A Meaningful World by Benjamin Wiker and Jonathan Witt (IVP Academic, 2006) is the best ID book I have read. It deserves a special place in this overcrowded genre, in part because it takes the preferred approach. Recent books have championed ID with a kind of ice-cold sterility, presumably to support the proposition that ID is a bona fide science. Often the result is a sleep-inducing rehash of familiar arguments written in impenetrable, impersonal, and unnecessary technical language.
Wiker and Witt do not focus on ID as primarily a counter to evolution, but as a response to the nihilism that permeates both our culture and our schools. Instead of the standard ID methodology of challenging pure naturalism where it enjoys a home-field advantage, an ill advised tête-à-tête within the domain of philosophic materialism, A Meaningful World couches the dispute not as one "science" against another, but as meaningfulness and beauty versus meaninglessness and inelegance. Oh, the usual cast of factoids are present—biological complexity and cosmological fine-tuning, but here they are but refreshingly deemphasized supporting characters in an adventure that transcends the purely scientific.
The only other ID book that is in this class is The Privileged Planet. But even here we see a difference in approach. While Gonzalez and Richards argue that the purely naturalistic explanation of a life sustaining universe is so implausible as to be ugly, Wiker and Witt turn it around: science's answer is so ugly as to be implausible. Both approaches are reasonable. The former renders The Privileged Planet more of a science book, while the latter gives A Meaningful World a philosophical and even theological flavor.
Although the data point to a designer, Wiker and Witt realize that a sighted watchmaker doesn't necessarily provide any more purpose or hope than a blind one. Indeed, for believers the notion that an alien might have designed terrestrial life is more repulsive than theistic evolution. At least theistic evolution preserves a God in control. An alien designer admits the possibility that we are the science project of a pimply faced, diamond eyed, teenage D-student flunky. An ID that proudly claims the designer need not be God is both bad science and heretical theology. It's a view wherein a secondary cause can ascend to a position of primacy, a view which is guilty of the same degradation it purports to challenge. No consolation that our designer may have been created by God, for that just leaves us, as creations of the creatures, with no special place in God's mind.
A Meaningful World does not evoke the ennui of traditional ID. Here we see the connections are much richer. Not merely data leading us to design, but data, beauty and even human genius leading us to acknowledge both design and meaningfulness. So-called design flaws are not excused as optimization compromises, but are likened to the alleged imperfections in Shakespeare's iambic pentameter which, when viewed through a non-reductionist lens, are seen for what they are: the enhancements of a genius, not the ineptitude of a barely competent and ultimately uninspiring poet.
Wiker and Witt also address the impossibility of meaningfulness or beauty in a world explicable solely on the basis of philosophical materialism. While plausibility arguments for the evolution of morality and altruism may satisfy some, even if they are accepted they would only explain a façade. An evolved morality is a meaningless illusion; it is simply a survival mechanism. It's prettier, perhaps, than bigger teeth or more a deadly venom, but ultimately it's just a variant on the same theme, a theme that offers no purpose beyond procreation.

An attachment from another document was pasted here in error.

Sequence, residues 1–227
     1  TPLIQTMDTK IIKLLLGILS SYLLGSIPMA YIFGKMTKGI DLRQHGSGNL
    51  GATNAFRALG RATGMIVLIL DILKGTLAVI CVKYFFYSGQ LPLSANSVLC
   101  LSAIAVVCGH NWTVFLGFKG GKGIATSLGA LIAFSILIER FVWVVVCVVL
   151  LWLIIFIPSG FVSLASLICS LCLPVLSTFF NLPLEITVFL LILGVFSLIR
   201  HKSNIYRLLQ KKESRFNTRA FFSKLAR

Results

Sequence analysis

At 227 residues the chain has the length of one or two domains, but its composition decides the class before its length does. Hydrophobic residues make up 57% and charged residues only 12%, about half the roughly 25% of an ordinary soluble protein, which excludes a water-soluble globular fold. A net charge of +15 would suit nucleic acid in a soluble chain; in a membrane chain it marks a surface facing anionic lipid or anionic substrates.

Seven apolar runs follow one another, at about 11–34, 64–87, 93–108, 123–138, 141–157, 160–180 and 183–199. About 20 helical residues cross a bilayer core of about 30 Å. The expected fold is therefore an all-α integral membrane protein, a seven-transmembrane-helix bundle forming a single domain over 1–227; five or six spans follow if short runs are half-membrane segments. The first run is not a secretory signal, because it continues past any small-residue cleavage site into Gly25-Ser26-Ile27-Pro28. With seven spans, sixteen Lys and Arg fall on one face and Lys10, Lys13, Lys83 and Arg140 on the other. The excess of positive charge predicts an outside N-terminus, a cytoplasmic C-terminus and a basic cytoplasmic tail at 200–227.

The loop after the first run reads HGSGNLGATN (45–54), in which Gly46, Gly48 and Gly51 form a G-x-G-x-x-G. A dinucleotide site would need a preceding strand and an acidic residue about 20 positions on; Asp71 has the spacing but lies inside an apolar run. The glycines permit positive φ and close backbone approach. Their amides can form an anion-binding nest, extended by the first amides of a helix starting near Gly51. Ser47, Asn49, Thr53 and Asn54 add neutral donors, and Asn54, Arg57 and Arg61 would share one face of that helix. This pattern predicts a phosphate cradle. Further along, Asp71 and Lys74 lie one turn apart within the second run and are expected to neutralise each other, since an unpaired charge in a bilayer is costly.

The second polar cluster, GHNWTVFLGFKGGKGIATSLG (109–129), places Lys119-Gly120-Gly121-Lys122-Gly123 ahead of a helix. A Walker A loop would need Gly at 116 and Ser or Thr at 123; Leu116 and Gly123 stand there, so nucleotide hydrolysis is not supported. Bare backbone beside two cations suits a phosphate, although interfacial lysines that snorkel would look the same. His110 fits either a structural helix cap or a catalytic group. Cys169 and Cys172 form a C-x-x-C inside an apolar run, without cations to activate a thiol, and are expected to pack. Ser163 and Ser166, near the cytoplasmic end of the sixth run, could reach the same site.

In A Meaningful World we read that the compulsion for survival is often a poor explanation for human endeavors. Metallurgy first developed not so that we could create harder weapons with which to kill our enemies and ensure the continuation of our genes, but as a means to create more beautiful works of art. In fact, the beauty of gold defies explanation—it has no application in weaponry, it simply appeals to something good within, something innate in our species, something meaningful.
The absurdity of some of the most brilliant atheists is pointed out in A Meaningful World through the example of the renowned physicist Stephen Weinberg. In the penultimate paragraph of his book The First Three Minutes, Weinberg describes human life as farcical, and that scientific advancement only enhances his sense of pointlessness. Yet in the final paragraph Weinberg reverses himself and claims there is something special about the human species: our ability to study the data that, in Weinberg's perspective, prove that it's all about nothing. This is what A Meaningful World challenges, this nihilism writ large, a cosmos whose only meaning is to reveal the absence thereof.
In stark terms, then, Wiker and Witt point out the hideousness of a world without God as its designer. The only meaning it can offer, as Weinberg candidly admits, and as you can find in arguments of Dawkins and his followers, is the pursuit of science that reinforces our meaninglessness. The only sacrament in the church of naturalism is the celebration of the accident of our existence and the worthlessness of our lives, and the only creed is the claim of an ironic noble cause found in the scientific revelation of universal ignobility.
A Meaningful World is a partial antidote to this disease. There is beauty and purpose in this world, some of it even man made. Taken as a whole, along with but not subordinate to the familiar scientific ID data, we see God. It's probably true that only those who have already found God will see Him afresh after reading A Meaningful World, but that's a wonderful and meaningful accomplishment.